I’m still reading through the slightly random pile mentioned in my previous post, and the latest has been The Good-Enough Life by Avram Alpert. As the author of a book called The Economics of Enough, I thought this one would be interesting. It threw me at the start by spending quite some pages on the difference between ‘great’ and ‘good-enough’ and why these terms don’t mean what everyone thinks they mean. This is not a wonderful writing tactic. (Of course, economists use terms that mean something different to other people, like rational, efficient, capital etc but tend not to bother explaining the distinctive disciplinary meaning.)
Anyway, what I took from the book in the end was an argument about the pernicious influence of positional goods (following Fred Hirsch’s classic work The Social Limits to Growth – ironically surprisingly highly priced) in the unequal capitalist system western economies have now, combined with advice about how to opt out of the rat race on a personal level, perhaps through religion – the author seems to be a Buddhist. This makes it a contrast to authors like Robert Frank who advocate societal action – taxing positional goods. It has a nice counter-argument to the ‘get as rich as you can then give (some) money away’ perspective; not only would this make us think well of the robber barons of the early 20th century, it also ignores the negative externalities arising from some individuals getting as rich as ever they can. But on the whole this is a book about individual mindset more than policy proposals.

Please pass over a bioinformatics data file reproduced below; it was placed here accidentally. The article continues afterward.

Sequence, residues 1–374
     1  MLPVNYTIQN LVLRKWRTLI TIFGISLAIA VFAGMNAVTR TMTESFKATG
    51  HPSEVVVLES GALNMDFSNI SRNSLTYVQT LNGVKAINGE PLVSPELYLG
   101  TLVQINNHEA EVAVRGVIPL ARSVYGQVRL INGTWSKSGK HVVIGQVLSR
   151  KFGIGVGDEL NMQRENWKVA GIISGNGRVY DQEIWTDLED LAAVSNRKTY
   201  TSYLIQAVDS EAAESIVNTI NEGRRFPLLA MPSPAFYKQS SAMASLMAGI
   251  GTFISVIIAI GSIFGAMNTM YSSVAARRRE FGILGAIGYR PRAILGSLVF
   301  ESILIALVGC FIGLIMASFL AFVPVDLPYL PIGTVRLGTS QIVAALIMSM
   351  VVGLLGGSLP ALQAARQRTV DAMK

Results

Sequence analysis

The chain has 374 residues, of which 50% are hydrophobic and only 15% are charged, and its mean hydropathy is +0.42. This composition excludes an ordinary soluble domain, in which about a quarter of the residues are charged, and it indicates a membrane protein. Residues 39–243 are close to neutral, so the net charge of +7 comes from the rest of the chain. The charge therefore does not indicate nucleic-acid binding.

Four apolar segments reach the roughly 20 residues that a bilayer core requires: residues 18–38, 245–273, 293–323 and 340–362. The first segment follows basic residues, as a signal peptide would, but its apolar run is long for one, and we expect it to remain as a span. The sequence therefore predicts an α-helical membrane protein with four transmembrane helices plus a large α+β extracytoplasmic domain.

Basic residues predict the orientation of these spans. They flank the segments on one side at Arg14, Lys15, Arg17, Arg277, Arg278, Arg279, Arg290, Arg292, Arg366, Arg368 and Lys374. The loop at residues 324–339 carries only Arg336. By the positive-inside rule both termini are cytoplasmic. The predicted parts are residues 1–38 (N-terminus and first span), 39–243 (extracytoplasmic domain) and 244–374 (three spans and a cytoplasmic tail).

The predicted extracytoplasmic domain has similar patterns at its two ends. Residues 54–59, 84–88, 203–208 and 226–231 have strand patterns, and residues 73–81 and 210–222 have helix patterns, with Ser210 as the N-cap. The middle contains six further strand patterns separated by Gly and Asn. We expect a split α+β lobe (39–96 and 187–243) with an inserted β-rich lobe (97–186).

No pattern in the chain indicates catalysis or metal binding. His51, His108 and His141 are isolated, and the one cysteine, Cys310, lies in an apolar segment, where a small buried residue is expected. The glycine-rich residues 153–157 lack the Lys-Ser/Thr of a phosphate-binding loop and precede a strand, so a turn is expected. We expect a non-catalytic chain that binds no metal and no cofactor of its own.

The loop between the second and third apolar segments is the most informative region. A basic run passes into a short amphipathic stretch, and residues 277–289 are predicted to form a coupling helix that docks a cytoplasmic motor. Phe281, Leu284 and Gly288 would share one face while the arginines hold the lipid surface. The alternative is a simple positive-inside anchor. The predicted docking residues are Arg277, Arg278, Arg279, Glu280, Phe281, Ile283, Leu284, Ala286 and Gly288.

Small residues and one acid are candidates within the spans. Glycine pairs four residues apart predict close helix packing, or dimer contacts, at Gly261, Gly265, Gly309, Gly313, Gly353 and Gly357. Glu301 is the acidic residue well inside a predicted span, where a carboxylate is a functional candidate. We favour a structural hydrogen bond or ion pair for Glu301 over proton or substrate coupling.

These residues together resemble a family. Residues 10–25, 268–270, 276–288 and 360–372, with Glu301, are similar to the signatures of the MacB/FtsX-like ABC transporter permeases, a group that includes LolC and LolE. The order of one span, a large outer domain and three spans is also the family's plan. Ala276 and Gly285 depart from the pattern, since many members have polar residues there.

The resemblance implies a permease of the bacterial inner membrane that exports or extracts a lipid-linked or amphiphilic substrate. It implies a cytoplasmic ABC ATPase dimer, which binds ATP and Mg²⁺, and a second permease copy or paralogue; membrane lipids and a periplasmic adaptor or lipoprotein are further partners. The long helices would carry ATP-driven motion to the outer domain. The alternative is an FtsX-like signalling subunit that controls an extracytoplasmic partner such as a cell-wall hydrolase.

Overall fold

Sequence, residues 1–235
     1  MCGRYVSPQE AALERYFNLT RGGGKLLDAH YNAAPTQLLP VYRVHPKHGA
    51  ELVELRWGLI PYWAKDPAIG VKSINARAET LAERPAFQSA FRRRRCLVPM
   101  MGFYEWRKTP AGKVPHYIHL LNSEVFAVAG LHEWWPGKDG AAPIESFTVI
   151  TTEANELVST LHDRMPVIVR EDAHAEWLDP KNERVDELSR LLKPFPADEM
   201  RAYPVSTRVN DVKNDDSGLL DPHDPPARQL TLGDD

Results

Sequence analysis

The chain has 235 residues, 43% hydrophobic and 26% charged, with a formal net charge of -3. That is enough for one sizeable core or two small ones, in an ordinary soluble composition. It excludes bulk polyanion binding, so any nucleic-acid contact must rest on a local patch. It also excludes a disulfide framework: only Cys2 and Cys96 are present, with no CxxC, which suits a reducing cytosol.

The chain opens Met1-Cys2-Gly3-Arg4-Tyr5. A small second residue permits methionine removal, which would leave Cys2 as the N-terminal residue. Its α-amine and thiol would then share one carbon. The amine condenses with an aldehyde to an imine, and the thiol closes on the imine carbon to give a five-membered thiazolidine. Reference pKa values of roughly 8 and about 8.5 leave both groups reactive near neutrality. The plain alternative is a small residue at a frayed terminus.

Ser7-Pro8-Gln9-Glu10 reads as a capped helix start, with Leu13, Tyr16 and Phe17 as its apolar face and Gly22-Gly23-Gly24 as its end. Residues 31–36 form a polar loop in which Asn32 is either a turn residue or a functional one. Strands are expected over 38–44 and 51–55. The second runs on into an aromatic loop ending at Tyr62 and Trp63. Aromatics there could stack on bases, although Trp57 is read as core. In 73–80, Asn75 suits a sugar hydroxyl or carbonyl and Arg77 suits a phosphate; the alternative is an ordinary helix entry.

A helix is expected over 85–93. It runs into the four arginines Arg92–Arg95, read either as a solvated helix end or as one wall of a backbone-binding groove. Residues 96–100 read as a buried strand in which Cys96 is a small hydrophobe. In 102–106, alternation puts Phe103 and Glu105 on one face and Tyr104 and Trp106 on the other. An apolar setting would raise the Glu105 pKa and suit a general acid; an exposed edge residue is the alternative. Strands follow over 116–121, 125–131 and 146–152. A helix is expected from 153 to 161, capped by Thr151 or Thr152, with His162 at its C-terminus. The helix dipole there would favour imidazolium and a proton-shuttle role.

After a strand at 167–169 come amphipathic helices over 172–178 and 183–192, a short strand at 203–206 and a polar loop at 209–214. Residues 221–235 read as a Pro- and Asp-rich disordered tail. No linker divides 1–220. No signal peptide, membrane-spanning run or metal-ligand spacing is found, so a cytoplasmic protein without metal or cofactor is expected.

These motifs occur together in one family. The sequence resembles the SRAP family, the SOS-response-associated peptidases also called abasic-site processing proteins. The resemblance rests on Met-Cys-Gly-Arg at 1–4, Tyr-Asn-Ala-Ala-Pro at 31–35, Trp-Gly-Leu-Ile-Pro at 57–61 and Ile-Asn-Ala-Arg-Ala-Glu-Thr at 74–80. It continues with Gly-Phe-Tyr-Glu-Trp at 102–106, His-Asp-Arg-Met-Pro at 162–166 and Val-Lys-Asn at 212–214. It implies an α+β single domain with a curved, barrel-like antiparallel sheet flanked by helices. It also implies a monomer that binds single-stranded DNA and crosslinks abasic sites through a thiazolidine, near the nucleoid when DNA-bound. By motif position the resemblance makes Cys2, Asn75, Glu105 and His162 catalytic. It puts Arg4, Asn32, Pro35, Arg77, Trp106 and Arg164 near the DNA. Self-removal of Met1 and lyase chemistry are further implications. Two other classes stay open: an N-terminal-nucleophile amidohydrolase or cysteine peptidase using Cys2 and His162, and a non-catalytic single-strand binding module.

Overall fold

It does have a lovely cover. I like the kintsugi metaphor.